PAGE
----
NAO Follow-up on the Charity Commission: read beyond the headlines

In what feels like a very short time frame, the NAO has reviewed the Charity Commission’s progress against the findings of its 2013 report ‘The regulatory effectiveness of the Charity Commission’.

For the past year, the Commission has been working head down to address the damning conclusion that it was not regulating charities effectively and was not delivering value for money.

The NAO’s overall verdict is a positive one, concluding that the Commission has made substantial progress on almost all the previous recommendations. To have achieved such a change is testament to the serious turnaround work the Commission and its staff have been engaged in and deserves recognition.

So what are the key findings?

The Commission has made overall progress on nearly all the NAO’s previous recommendations:

  • it’s concentrating its resources on compliance and tackling abuse (as demonstrated by the fact that statutory inquiries are up from 15 in 2012-13 to 64 in 2013-14);
  • it’s making more effective use of its powers, especially its information gathering powers and enforcement powers;
  • it’s making better use of data and exchanging more information with other public authorities (particularly the police and HMRC);
  • it has improved its follow up checks on registration and operations cases, alongside its existing investigations monitoring (although the NAO also points out that there have been a number of cases where the Commission has closed cases without having checked that trustees had acted on its instructions);
  • it has developed unit costs for its activities, to measure the cost of regulating the sector (although the Commission needs to do more to fully measure the relative benefits of different activities, and how much it costs to regulate effectively);
  • it has developed a new business model to focus its resources on regulating on high risk cases, in line with its overall aim of becoming a risk-based regulator.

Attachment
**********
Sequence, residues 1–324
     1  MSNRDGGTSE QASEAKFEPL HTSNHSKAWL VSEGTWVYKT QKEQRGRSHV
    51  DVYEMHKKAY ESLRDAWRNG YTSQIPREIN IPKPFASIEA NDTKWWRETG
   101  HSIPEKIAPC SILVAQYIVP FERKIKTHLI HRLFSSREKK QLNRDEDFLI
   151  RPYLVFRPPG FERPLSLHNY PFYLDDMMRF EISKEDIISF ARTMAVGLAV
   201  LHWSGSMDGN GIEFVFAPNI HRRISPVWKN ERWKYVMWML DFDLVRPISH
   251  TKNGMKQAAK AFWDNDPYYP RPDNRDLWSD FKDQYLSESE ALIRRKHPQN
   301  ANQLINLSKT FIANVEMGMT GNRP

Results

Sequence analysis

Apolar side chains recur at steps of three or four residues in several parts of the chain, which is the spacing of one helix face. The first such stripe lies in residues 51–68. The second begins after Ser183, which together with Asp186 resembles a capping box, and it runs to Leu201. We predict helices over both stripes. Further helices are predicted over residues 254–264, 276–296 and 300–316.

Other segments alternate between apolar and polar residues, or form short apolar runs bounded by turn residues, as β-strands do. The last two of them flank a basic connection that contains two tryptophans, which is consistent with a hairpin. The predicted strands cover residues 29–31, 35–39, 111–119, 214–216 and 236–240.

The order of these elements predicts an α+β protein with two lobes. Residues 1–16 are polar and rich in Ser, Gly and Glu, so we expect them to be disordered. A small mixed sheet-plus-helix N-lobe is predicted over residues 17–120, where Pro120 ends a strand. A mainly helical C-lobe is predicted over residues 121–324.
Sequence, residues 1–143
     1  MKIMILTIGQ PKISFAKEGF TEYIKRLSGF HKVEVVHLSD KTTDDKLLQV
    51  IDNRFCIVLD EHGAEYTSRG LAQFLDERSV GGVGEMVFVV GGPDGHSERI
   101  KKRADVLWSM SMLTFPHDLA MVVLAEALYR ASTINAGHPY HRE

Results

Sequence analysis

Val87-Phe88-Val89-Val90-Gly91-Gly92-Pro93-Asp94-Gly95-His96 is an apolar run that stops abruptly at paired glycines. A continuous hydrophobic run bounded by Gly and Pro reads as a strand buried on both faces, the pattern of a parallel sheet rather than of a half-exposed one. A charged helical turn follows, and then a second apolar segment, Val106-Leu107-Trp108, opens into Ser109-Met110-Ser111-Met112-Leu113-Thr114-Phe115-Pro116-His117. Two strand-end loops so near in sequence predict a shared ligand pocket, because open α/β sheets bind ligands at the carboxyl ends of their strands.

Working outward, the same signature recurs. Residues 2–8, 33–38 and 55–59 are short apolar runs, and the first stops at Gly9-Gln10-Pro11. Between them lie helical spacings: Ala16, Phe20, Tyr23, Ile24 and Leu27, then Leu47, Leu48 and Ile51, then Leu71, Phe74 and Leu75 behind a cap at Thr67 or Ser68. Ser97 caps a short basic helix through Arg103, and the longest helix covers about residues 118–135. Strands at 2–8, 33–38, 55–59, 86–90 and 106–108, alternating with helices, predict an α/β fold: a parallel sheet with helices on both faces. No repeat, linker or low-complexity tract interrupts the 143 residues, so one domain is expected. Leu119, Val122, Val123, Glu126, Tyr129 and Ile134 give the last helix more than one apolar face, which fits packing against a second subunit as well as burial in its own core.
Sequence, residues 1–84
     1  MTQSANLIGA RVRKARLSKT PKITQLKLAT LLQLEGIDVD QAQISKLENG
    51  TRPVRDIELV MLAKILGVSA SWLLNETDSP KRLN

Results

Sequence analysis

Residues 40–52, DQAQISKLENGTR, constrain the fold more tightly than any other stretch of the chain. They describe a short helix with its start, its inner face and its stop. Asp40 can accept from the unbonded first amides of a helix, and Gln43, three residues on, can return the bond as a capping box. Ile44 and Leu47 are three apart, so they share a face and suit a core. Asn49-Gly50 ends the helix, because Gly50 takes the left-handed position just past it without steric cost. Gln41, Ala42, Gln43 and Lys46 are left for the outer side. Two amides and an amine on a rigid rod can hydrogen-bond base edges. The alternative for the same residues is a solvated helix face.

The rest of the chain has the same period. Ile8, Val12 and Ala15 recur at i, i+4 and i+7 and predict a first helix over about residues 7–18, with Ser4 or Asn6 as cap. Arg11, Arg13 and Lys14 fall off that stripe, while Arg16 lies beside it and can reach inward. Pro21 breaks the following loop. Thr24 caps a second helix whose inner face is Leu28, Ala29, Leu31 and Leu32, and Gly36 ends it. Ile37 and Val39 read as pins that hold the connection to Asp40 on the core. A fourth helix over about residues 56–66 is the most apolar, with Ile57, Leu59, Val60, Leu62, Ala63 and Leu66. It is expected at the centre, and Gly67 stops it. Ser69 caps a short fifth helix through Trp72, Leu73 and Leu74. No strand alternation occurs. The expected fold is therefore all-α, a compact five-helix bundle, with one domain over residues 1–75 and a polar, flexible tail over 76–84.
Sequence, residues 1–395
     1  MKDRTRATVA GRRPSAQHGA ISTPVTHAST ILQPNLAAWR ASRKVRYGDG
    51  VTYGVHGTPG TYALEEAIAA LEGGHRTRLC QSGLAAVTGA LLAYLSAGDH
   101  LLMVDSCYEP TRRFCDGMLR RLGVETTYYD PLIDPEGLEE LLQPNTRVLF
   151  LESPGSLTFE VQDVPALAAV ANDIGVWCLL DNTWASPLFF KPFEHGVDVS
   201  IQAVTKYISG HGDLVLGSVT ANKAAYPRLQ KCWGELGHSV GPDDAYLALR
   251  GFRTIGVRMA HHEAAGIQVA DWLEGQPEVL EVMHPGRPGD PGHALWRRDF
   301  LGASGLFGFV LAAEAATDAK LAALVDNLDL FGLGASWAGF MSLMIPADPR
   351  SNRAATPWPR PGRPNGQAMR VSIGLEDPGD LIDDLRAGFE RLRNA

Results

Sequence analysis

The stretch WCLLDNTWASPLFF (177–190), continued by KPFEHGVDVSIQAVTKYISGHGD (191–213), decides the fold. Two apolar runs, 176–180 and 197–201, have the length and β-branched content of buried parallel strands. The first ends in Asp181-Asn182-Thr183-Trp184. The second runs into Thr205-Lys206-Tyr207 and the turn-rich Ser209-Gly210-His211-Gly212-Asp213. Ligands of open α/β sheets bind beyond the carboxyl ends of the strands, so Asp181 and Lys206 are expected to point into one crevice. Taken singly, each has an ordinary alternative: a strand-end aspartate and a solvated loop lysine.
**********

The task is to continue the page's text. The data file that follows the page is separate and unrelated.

A glaring red mark is however the rise in delays to registering charities: the Commission is taking longer to register charities and has not met its targets in this area, so there is an increasing backlog of unprocessed applications that the Commission need to address.

But keep on reading

An interesting recommendation by the NAO is to the Commission’s board:

‘to keep under review its level of involvement in executive decision making’

While justifying this by the immediate need to provide the leadership and tackle the most urgent problems, the NAO rightly points out the dangers of such a situation prolonging: if the board continues to be too involved in the day to day activities of the Commission, the independence of executive vs. non-executive functions is seriously at risk.

This echoes NCVO’s concerns about the Commission’s independence and current direction of travel, something that as announced before Christmas we will be looking at in more detail.

What’s missing?

This NAO report is a fairly dull read – it certainly won’t send the same shivers across the Commission or the sector like its predecessor did.

But where are the many important strategic documents mentioned throughout the report? Apparently over the past 6 months the Commission has produced:

  • a new risk model with key regulatory risks against which charities are being assessed (since August 2014);
  • a 3-year change programme;
  • a ‘Statement of Regulatory Approach’ (the latest one I can find was published in 2012).

I have searched the Commission’s new website and none of these documents have been announced or published. This raises serious questions about the Commission’s transparency, something that many in the sector already feel has been thrown in the bonfire of priorities.

The Commission was once praised for its engagement and level of communication with the sector, but its current focus is very much on getting the job done. This is understandable given the NAO’s scrutiny. But it is worrying when the regulator of a sector that prides itself on being independent is not itself independent, and while charities are striving to be more transparent they are not informed about important documents that will steer the Commission’s work and its relationship with the sector.

In order to maintain the confidence of the sector, it’s crucial that the Commission publicises its work and strategic documents, as well as key performance indicators and progress measured against them. Only by knowing how the Commission is operating and what its priorities are, can charities understand its decisions and actions.

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Elizabeth was head of policy and public services at NCVO until 2020.

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